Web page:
FINAL TIP
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If scp is not present ssh can be used with cat to get to transfer the file like so:

So this:
scp -P 22 ~/.ssh/id_rsa.pub root@www.server.com:~/.ssh/puta

Would turn to this:
cat ~/.ssh/id_rsa.pub | ssh -p 22 root@www.server.com "cat - > ~/.ssh/puta"

So the total would look like this:
ssh-keygen
cat ~/.ssh/id_rsa.pub | ssh -p 22 root@www.server.com "cat - > ~/.ssh/puta"
ssh -p 22 root@www.server.com "cat ~/.ssh/puta >> ~/.ssh/authorized_keys"
ssh -p 22 root@www.server.com "rm ~/.ssh/puta"

Also it is possible to combine all of these into one ssh monster command:
ssh-keygen
cat ~/.ssh/id_rsa.pub | ssh -p 22 root@www.server.com "cat - > ~/.ssh/puta; cat ~/.ssh/puta >> ~/.ssh/authorized_keys; rm ~/.ssh/puta"

Or My favorite:
===============
ssh-keygen
cat ~/.ssh/id_rsa.pub | ssh -p 22 root@www.server.com "cat - >> ~/.ssh/authorized_keys"

End result:
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If you did the ssh-keygen command, only in the case that you didnt have any keys in .ssh folder (the id_rsa or id_dsa and id_rsa.pub or id_rsa.pub, if you have either rsa or dsa set then you dont need to run that keygen command). anyways if you did that ssh-keygen command now you have the dsa or rsa key. Most likely RSA. RSA is my favorite and its the default for sshv2. 

After doing the copy commands which are either involving one scp command and a couple ssh commands, or just one ssh command with some cat pipes.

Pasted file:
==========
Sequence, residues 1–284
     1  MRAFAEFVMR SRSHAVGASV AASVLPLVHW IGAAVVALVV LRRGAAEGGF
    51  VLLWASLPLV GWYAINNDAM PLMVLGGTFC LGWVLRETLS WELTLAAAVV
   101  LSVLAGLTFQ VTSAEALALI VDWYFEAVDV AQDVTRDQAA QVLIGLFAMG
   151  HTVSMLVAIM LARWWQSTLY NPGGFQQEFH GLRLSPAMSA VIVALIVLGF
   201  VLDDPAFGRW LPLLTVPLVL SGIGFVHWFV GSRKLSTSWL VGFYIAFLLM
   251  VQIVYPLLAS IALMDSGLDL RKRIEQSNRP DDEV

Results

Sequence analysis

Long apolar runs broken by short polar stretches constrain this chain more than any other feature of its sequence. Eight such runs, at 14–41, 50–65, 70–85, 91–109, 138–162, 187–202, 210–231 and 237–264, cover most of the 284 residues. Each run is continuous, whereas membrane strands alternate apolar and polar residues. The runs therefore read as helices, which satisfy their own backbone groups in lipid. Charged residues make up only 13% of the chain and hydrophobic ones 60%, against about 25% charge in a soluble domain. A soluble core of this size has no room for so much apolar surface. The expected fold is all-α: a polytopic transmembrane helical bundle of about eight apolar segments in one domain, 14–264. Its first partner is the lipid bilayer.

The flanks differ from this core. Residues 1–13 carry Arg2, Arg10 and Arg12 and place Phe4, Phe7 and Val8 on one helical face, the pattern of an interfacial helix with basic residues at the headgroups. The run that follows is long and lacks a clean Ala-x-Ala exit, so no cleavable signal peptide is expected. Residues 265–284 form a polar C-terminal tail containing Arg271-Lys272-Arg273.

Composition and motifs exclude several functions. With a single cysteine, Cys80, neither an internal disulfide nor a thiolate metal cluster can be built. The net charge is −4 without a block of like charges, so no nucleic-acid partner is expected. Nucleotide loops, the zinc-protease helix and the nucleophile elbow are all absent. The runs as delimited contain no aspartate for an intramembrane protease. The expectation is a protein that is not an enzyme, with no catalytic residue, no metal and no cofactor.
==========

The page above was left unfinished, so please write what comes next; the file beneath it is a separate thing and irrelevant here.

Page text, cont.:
Anyways now you should be able to log in to anything without password and run commands on other system without password like:

ssh -p 22 root@www.server.com "ls -lisah /etc"
The above command would usually trigger a password prompt but not anymore

KEEP IN MIND FOR THIS TO WORK
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For all of this to work, on the server the default settings have to be in place which are much longer then this, but I grab the ones that are related to this:
This is exactly how it appeared on my server, the Authorized Keys file was hashed out keep that in mind, so it was commented out, like it could of been not there and everything would of been the same.

PermitRootLogin yes

RSAAuthentication yes
PubkeyAuthentication yes

#AuthorizedKeysFile     %h/.ssh/authorized_keys

Lets explain all thaT:

PermitRootLogin yes
So to all to log in as root at all on ssh can be unsafe and unsecure, by default its yes on most systems, so if this was no, all of our root user commands would of had to be another user.

The next two allow for public key authentication - using these key files:
RSAAuthentication yes
PubkeyAuthentication yes

The final one is where the authorized keys file is at: By default it uses the values "AuthorizedKeysFile     %h/.ssh/authorized_keys" which means the home folder of every user has a .ssh folder with authorized_keys and actually a few other files. So since the system uses that by default there is no use to uncomment it out. Its typical linux config behaviour - for the defaults, when your trying to show what they are just show em as if your putting them into the config but hash em out. Hard to decipher that from if its a lost attempt or something, but if its a fresh OS install you can pretty much 99% assure yourself they are trying to tell you what the default is.
# AuthorizedKeysFile     %h/.ssh/authorized_keys